'The White Screen circa 1900 – On the Moving Image as Potentiality of Thought

Valiaho, Pasi. 2007. 'The White Screen circa 1900 – On the Moving Image as Potentiality of Thought. Symplokê, 15(1-2), pp. 40-65. ISSN 1069-0697 [Article]

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Abstract or Description

Léonce Perret's 1912 film Le mystère des Roches de Kador presents one of the most beautiful shots in the early history of cinema: the female protagonist, Suzanne, shrinks away from a white screen filled with light in front of her and eventually faints (see Figure 1). In the film's story, Suzanne has fallen into an amnesic and catatonic state due to a traumatic experience of a shooting incident taken place at a rough seashore, where Suzanne's cousin who is jealously in love with her has attempted to shoot her fiancé. She is treated by a Professor Williams with a "new cinematographic method in psychotherapy," which consists of restaging and recording the traumatic event and then showing the film to the patient. The scene in question displays the screening of the film, after which Suzanne becomes cured and regains her capacity to speak, recollect, and act. Most importantly, Suzanne recovers her "faculty" of language, a faculty that in the history of Western thought has been approached as that of articulate and meaningful speech essentially characterizing the "living being that has logos" (to zôon logon ekhon) (e.g., Aristotle 2002, De Interpretatione 16a27-29).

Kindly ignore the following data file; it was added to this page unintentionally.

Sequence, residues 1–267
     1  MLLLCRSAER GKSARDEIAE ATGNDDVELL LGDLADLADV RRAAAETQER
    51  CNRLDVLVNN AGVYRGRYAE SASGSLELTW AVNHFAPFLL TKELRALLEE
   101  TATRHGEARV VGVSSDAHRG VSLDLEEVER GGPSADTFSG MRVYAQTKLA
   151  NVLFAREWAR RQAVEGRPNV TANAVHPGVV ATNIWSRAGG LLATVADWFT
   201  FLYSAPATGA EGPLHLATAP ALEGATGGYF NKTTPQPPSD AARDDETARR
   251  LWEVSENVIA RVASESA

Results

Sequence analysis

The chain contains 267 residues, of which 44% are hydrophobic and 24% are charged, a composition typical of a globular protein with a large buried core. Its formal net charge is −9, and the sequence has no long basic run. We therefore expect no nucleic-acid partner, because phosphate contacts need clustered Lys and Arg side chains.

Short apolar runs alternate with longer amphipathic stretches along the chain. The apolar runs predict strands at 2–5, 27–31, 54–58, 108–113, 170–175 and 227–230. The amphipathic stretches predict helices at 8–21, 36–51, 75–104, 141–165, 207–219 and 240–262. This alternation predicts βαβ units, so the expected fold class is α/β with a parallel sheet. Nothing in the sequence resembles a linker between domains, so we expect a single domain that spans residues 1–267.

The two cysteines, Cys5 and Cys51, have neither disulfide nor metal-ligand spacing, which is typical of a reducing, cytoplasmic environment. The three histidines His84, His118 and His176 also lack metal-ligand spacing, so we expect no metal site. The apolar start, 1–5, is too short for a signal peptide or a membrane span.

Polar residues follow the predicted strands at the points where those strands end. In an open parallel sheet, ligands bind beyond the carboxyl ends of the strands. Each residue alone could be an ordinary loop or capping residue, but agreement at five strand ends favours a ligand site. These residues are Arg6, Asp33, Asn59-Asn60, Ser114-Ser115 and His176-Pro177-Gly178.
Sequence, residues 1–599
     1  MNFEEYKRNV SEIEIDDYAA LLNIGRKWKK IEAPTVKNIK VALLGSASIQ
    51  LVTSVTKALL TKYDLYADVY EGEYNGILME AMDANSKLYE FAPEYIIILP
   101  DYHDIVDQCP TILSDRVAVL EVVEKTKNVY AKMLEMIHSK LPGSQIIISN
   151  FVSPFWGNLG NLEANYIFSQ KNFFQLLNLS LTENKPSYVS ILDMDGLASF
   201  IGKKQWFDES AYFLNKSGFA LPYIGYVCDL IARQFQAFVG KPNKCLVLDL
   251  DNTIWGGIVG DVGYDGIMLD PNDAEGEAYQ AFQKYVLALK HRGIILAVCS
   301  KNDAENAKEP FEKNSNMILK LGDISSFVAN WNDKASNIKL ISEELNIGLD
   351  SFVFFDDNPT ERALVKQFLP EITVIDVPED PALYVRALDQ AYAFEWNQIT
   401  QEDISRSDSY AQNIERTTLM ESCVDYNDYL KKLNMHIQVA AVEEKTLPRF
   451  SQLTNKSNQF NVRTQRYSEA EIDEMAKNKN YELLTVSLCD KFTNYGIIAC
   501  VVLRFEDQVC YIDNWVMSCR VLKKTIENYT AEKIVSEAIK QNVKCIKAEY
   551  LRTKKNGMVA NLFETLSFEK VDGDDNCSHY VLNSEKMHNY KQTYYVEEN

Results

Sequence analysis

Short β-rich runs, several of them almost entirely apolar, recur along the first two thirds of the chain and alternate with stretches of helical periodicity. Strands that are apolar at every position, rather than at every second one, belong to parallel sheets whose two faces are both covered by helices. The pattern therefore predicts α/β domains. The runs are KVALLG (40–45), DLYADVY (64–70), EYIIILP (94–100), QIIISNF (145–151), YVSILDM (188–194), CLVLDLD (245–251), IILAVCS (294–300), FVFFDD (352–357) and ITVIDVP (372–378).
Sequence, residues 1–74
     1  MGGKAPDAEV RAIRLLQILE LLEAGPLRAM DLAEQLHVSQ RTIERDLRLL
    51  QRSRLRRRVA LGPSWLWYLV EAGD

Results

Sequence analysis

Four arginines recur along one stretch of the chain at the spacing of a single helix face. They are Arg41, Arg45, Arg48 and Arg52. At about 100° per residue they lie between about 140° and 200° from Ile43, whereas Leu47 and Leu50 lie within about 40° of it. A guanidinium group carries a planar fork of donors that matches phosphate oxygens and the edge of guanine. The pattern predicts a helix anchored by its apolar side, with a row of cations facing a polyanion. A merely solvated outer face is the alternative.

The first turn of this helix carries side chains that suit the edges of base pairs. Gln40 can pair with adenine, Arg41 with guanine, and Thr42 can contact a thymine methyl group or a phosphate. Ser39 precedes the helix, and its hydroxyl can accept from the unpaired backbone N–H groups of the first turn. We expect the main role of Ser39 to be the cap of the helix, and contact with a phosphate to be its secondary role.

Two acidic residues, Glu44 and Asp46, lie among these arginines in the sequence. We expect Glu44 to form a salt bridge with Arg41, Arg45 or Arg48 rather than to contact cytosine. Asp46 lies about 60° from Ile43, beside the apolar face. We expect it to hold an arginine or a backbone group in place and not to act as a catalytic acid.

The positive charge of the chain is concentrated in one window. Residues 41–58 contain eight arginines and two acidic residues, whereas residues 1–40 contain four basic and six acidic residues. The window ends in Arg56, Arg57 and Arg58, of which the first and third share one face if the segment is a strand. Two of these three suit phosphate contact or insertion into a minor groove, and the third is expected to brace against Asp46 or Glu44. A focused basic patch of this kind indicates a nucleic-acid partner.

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Departments, Centres and Research Units:

Media, Communications and Cultural Studies



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Date Deposited:

09 Nov 2015 15:30

Last Modified:

09 Nov 2015 15:30

Peer Reviewed:

Yes, this version has been peer-reviewed.



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